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Saydnaya prison, Damascus, Syria

Nancy Lindisfarne writes: For forty-six years the Assad regime has ruled Syria with murderous brutality. A measure of this brutality was the quelling of a popular uprising against the regime in the city of Hama in 1982. Assad (the father) bombed and killed some 20,000 Syrian citizens. Or perhaps 40,000 – the violence was so comprehensive and effective that it has never been possible to establish exactly how many perished. The massacre in Hama and the violence of the Assads’ secret prisons served to terrify the population and kept people quiescent. Until 2011. Continue reading

Are Syrian Men Vulnerable Too? Gendering the Syria Refugee Response

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Syrian refugees in Jordan, 2016

Lewis Turner writes about Syrian refugees in Jordan, He argues that ‘a person is not vulnerable because they are a man or a woman, but because of what being a man or a woman means in particular situations. A refugee response that automatically assumes that women and children are the most vulnerable will do a disservice to the community it seeks to serve. Continue reading

Don’t Bomb Mosul: The Reasons Why

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American planes bombing Ramadi in October, 2015

Nancy Lindisfarne and Jonathan Neale

An assault on the Iraqi city of Mosul by the United States, Iran, the Iraqi government, Kurdish forces and Shiah militias looks imminent. We can expect massive bloodshed and the destruction of most of the city.

Mosul is now held by ISIS. Different estimates suggest that between 600,000 and 1,500,000 people are still in the city. In the last year Iraqi and Iranian forces backed by the US bombs have retaken the cities of Ramadi and Fallujah from ISIS. In both cases, the whole city was flattened by American bombs, and almost all the people became refugees. Those two cities remain destroyed, and almost empty.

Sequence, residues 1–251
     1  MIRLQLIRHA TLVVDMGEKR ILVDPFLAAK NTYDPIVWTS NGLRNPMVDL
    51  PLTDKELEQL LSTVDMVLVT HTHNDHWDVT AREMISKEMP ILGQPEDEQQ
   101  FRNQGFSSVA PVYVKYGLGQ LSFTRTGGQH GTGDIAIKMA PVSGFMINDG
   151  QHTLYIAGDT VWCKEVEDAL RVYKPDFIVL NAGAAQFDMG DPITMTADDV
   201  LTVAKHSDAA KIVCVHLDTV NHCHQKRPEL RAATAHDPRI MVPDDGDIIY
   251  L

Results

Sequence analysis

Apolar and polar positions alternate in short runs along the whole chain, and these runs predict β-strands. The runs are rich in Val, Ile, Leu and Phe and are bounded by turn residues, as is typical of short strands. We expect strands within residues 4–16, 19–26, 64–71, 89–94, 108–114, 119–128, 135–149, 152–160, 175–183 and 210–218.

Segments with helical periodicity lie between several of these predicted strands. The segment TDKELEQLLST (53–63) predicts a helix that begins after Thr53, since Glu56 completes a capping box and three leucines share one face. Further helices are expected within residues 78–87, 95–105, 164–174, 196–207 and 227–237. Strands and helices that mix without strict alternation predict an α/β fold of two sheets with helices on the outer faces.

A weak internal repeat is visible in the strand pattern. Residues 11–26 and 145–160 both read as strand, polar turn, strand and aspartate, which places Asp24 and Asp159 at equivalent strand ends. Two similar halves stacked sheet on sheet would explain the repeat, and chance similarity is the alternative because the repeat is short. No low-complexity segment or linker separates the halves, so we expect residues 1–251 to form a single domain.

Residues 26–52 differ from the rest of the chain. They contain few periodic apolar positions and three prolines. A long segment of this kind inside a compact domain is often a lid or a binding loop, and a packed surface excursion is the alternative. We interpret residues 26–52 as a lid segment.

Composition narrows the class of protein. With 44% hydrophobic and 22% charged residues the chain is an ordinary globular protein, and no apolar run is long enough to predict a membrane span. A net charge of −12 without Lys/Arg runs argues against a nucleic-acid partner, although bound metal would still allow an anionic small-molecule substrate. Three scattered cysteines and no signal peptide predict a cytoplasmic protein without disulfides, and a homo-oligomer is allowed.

Because ISIS holds Mosul, every reactionary power in the world will welcome the bombing. On present form, almost the whole of the European and North American left will do nothing to protest the bombing, and many leftists will support the assault.

The position of most of the left makes us sick at heart. Do Muslim deaths not matter? Continue reading

Rida Hus-Hus – Holding onto beauty under the Assad regime

 

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Rida Hus-Hus 1939-2016

Nancy Lindisfarne writes:

The Syrian painter and printmaker, Rida Hus-Hus, died in Mannheim, Germany on the 30 July 2016 at the age of 77. His courage, uncomplicated generosity and celebration of all that was beautiful is to be remembered and cherished. His life drawings and portraits reflected his affection and interest in other people. Through still-life drawing and flower pictures he celebrated the joy of quotidian detail, while his vibrant pastels captured the sweeping landscapes outside of Damasus, and literally painted Syria in a most beautiful light. Yet Rida was also intensely political in the dangerous environment of the Assad dictatorship, and to keep himself sane, and preserve the independence of his art, he lived an extremely modest and cleverly managed life. Continue reading

Oil Empires and Resistance in Afghanistan, Iraq and Syria

 

Afghan Resistance, 1842

Afghan Resistance, 1842

Nancy Lindisfarne and Jonathan Neale

This article is about three intersecting wars in the Middle East, in Afghanistan, Iraq and Syria.[1] The bombings in Paris occurred just as we were finishing the piece, and give our arguments here further tragic relevance.

This piece is 25,000 words long, and readers may find it easier to read by downloading the version here: Oil Empires 16Nov2015 FIN5.

It will help the reader to know from the outset where we stand. We want the mass resistance to the Assad regime in Syria to win, and the Russian armed forces and their allies to leave. We want the Americans and their allies to leave Afghanistan, now, completely. We want Assad and the American, British, French and Russian military to stop bombing the Syrian resistance and the Islamic State.[2] Continue reading